I then began work on the truck’s tires.  The rear duals have average sized valve stems that are difficult to reach and work with.  Subsequently, I’ve found it’s much easier to get to them if I take off the chrome inserts.  I had aired down the rear duals to 65 p.s.i. each while we were not towing.  However, I aired the tires up to 75 p.s.i. each in preparation for towing our fifth wheel.  I maintain 65 p.s.i. on the front tires.

I use a pancake compressor that is stored in the front storage compartment of the fifth wheel.  This compartment is often used for an on-board generator.  When we ordered our Carriage, we ordered it without the $5K optional propane generator.  We did order the generator prep package.  I’ve left room for a nice quiet gas powered generator.  A purchase we’ve yet to make.

Friday, January 29, 2010

Final Shopping day in Lake City and Live Oak, Visitors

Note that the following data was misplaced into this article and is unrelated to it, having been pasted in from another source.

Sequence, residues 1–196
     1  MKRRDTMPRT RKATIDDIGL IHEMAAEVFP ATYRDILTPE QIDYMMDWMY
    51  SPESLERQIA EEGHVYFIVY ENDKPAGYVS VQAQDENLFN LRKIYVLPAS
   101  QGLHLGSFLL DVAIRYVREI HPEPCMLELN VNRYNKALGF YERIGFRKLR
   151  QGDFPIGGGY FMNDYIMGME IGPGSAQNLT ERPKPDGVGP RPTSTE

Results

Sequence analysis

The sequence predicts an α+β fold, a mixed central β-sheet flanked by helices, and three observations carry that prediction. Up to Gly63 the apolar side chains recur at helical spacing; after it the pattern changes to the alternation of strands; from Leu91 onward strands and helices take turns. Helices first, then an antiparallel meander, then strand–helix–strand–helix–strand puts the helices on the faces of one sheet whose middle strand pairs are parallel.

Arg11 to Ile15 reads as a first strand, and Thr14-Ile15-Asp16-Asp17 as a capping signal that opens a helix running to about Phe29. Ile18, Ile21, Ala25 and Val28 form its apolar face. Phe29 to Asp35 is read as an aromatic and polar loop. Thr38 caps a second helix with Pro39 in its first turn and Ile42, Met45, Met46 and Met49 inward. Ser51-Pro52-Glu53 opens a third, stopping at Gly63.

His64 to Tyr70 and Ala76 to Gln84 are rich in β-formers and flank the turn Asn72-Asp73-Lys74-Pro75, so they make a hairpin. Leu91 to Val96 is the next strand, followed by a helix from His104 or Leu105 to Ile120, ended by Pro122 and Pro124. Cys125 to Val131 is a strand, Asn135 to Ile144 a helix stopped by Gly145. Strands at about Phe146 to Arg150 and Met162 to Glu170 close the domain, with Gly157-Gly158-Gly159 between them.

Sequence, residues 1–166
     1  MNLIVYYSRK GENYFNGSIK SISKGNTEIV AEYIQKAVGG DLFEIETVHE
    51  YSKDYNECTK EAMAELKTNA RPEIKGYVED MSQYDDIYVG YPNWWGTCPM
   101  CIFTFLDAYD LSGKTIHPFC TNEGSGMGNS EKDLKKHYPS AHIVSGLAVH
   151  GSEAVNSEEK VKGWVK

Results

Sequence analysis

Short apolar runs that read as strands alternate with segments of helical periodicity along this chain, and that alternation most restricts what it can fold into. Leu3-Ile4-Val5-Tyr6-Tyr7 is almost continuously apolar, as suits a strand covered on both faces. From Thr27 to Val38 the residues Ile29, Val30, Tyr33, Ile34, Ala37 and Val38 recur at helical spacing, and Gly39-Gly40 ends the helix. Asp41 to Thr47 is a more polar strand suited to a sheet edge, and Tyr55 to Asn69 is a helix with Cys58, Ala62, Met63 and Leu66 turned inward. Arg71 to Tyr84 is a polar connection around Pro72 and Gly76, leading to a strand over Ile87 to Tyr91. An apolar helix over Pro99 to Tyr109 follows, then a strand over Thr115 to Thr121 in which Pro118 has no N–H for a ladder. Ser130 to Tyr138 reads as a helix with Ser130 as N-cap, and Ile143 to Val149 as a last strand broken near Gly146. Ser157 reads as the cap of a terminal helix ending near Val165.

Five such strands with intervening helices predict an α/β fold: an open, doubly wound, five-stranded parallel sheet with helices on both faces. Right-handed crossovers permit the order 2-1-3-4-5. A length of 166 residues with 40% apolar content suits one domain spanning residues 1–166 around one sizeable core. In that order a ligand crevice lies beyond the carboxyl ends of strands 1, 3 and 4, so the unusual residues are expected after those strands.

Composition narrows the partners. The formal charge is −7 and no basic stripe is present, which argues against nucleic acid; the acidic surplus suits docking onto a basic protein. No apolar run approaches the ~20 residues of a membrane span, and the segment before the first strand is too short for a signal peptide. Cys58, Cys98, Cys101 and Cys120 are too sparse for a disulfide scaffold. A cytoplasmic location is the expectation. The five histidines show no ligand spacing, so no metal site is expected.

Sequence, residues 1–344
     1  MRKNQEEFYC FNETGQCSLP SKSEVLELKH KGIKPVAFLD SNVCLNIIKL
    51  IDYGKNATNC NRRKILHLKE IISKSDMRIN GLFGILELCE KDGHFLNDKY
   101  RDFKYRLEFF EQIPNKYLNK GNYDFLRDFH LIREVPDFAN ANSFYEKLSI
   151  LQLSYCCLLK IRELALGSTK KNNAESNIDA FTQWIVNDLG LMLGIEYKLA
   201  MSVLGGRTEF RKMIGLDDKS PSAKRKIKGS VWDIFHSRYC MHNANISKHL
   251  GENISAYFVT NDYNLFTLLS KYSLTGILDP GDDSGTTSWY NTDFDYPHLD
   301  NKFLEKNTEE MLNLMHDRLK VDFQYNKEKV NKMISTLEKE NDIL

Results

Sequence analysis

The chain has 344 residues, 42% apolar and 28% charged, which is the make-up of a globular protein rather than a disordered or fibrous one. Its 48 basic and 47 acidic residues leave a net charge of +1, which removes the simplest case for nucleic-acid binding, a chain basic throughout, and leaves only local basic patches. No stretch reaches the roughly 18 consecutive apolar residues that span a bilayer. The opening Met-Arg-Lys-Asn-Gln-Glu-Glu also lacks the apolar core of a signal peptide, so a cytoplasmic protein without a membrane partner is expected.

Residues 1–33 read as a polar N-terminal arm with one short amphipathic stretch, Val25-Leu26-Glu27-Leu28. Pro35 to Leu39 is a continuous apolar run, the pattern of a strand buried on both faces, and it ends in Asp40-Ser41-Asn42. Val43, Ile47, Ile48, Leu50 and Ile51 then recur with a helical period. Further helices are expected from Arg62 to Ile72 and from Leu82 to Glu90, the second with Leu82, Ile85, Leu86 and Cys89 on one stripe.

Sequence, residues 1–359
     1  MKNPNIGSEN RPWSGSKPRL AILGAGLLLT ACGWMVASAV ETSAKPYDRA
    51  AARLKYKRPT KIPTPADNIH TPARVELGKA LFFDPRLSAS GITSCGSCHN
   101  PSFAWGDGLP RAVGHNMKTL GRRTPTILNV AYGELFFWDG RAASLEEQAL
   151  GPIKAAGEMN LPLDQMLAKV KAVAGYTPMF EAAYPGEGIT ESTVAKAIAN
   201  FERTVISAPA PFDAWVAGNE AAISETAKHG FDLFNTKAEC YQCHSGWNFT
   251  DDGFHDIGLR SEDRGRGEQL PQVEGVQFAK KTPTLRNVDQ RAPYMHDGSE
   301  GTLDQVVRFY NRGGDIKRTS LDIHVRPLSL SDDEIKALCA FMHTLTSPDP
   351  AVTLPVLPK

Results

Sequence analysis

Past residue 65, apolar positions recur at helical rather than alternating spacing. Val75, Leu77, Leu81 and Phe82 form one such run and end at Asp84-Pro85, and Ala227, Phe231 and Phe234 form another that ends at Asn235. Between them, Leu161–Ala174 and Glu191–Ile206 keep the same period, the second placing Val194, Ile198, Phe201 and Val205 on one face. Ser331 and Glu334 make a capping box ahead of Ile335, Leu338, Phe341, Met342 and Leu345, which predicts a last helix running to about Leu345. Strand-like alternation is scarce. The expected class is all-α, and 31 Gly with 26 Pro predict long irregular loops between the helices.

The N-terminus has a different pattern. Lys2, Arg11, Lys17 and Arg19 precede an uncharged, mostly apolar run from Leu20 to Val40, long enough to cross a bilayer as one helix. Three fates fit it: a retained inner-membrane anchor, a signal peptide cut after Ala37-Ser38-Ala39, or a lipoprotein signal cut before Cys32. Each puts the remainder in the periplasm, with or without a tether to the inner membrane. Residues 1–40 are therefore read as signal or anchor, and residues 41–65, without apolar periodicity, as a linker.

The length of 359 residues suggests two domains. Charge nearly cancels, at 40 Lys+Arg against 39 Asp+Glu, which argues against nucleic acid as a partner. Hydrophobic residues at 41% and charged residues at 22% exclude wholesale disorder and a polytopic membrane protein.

January 28th, 2010.  We awoke to a beautiful sunny day with temps reaching the upper 60’s.  
Joyce wanted to do some shopping in Lake City.  So, after the usual chores, we drove to the Lake City Mall.  After shopping at the mall, we walked over to Walmart.  
I had been looking at cameras for several months originally wanting a Digital SLR.  However the prices and the bulky size of the cameras was a turn-off.  I ended up talking to a very polite Walmart camera dept. employee who saw me shopping.  She pointed out some of the pros and cons of the models I was looking at.  She then suggested the Cannon Power Shot SX120 IS.  It’s a compact digital camera with 10.0 megapixels and a 10x optical zoom.  It has a large screen and is lightweight yet substantial in your hands.  Anyway it was on sale for $199, previously $249.